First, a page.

Forsaken Review

If you're without a PC or N64, pick up the PlayStation version without fear.

Remember Descent? You know, the crazy zero-g first-person shooter that put you in the cockpit of a small ship and forced you to reenact the end of Return of the Jedi over and over again? Forsaken is, at its core, a Descent clone. The game's great weaponry and above-average graphics go a long way to make it feel fresh, but the control is what eventually brings the game to a grinding halt.

The game's simple scenario is set on a postapocalyptic Earth. Most of the planet is in ruins, complete with loads of goodies, ripe for the taking. You play a scavenger on a hoverbike, and you'll traverse military installations, nuclear reactors, refineries, temples, and more in search of gold and crystals. This may sound like a cakewalk, but Earth's automated defense systems are still intact, littering your path with all kinds of annoying drone ships, tanks, and turrets. Rival scavengers will also pop by from time to time in an attempt to take out their competition. While none of the enemies proves to be a threat on its own, their sheer numbers make the game incredibly difficult. The shaky control also hurts, as it makes drawing a bead on your enemies a bit more difficult than it should be. While most of the levels are of the "just get to the exit" variety, a few are timed. The time given, however, is incredibly generous, so there's never a real race against the clock.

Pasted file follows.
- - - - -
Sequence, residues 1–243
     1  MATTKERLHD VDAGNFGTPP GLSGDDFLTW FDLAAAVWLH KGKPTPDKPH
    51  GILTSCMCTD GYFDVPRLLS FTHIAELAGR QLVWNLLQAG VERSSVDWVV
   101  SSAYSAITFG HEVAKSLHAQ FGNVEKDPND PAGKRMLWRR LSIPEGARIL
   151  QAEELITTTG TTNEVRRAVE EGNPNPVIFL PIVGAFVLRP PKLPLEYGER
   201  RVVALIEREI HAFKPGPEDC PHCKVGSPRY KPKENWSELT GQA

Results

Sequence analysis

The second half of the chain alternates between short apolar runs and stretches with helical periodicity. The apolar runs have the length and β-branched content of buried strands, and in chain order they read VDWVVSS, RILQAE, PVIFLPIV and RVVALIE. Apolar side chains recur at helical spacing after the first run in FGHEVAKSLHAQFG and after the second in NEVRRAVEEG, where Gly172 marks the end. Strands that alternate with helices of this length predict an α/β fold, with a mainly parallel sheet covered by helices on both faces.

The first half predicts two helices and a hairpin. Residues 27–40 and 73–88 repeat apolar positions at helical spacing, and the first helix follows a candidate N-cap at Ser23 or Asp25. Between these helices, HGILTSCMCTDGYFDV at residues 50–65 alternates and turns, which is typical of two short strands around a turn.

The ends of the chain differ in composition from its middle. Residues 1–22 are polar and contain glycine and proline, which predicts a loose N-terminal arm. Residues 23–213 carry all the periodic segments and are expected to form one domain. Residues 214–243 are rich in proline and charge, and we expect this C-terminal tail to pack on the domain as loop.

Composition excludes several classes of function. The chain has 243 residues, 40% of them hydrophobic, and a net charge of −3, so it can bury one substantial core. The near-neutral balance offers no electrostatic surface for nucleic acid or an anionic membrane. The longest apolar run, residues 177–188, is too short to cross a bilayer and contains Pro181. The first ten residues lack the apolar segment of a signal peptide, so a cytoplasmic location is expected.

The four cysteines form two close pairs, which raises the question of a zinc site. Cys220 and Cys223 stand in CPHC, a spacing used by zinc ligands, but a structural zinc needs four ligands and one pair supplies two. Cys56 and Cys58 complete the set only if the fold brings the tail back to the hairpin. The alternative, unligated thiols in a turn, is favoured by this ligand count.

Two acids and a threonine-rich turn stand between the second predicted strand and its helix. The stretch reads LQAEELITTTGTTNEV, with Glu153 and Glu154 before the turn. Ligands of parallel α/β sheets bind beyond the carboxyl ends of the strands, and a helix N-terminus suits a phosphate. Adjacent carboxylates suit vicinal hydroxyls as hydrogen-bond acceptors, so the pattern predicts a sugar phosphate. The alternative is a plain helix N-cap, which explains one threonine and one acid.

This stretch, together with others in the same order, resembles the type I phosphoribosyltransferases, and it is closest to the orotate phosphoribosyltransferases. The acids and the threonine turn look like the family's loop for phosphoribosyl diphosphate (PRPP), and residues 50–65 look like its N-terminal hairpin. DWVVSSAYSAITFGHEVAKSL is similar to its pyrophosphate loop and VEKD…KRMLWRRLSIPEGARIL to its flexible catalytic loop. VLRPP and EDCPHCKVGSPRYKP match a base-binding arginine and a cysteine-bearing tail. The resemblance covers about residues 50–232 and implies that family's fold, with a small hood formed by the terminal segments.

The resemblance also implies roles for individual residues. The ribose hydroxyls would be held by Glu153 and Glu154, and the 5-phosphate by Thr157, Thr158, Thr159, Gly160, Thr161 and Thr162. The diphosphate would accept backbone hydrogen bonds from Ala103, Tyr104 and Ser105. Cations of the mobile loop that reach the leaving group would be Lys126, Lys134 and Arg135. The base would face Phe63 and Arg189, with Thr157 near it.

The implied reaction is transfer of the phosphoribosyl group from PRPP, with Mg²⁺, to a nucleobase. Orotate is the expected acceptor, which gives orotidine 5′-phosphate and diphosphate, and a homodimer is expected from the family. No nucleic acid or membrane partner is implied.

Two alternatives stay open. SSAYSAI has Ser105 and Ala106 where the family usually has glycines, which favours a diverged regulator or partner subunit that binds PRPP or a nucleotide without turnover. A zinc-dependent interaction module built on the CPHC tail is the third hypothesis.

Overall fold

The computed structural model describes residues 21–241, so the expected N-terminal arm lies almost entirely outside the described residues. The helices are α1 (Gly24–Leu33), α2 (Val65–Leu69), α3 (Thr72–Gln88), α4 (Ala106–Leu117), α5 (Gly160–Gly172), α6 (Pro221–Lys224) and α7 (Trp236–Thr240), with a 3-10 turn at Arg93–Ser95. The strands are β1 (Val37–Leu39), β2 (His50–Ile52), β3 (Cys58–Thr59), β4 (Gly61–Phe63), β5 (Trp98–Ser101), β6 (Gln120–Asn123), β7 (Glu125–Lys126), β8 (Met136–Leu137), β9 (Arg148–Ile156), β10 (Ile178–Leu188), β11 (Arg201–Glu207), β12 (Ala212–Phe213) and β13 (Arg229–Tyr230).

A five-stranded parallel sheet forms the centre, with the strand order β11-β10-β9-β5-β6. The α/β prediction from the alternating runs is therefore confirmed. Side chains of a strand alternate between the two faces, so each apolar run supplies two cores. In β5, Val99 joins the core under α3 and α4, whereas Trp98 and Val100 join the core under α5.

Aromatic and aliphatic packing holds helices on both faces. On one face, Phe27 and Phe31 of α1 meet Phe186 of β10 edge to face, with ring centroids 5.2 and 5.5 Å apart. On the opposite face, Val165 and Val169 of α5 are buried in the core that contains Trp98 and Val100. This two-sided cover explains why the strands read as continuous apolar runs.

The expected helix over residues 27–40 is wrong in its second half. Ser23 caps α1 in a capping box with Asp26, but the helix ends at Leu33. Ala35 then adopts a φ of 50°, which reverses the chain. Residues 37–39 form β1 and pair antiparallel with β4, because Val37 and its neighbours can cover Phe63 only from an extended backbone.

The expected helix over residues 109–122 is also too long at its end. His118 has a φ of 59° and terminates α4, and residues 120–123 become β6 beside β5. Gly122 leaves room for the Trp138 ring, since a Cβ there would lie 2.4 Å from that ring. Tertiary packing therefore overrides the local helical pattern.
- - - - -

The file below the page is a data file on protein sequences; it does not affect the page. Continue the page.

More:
The weaponry in Forsaken is unique. Each weapon has three levels of power, depending on how many power pods you've found. The Suss gun is a spread-fire weapon that quickly shoots a mess of projectiles in your enemy's direction. The Trojax is a charged weapon that gains power (and sucks ammunition) when you hold down the fire button. The Pyrolite is a short-range flamethrower. Transpulse shots can bounce off walls, making them good for surprise attacks in multiplayer games. The Beam Laser simply emits two monstrous beams of death. It requires pinpoint accuracy, but it does insane amounts of damage. Secondary weapons include the Scatter missile, which causes the victim to drop all of his weaponry. The Multiple-Fire Rocket Launcher quickly spits out tons of small missiles. The Solaris homes in on its target. The Gravgon missile creates a vacuum at its point of impact, sucking enemies into its gravitational field and holding them in place for you to take out at will. The Titan is the most devastating weapon in the entire game and will frequently take you out as well if you aren't careful. There are also three different types of mines that will help you keep enemies off your tail and a nitro boost that will allow you to escape from sticky situations.

The control in Forsaken isn't as tight as it should be. Also, the bike moves significantly slower in the PlayStation version when compared with the PC and N64 versions. It moves too slowly to dodge most of the enemy fire effectively. The analog control helps a bit, but it still feels too loose. The graphics in the game are pretty good, with very little slowdown and nice use of colored lighting. The sound effects are very good, although the multiple bike computers of the PC version have been cut.

The PlayStation version of Forsaken is on the bottom of the pile. Both the PC and N64 versions surpass it in almost every category. However, the PlayStation version is still a good game once you get past the control problems, so if you're without a PC or N64, pick up the PlayStation version without fear.

The Good

  • N/A

The Bad

About the Author

Jeff Gerstmann has been professionally covering the video game industry since 1994.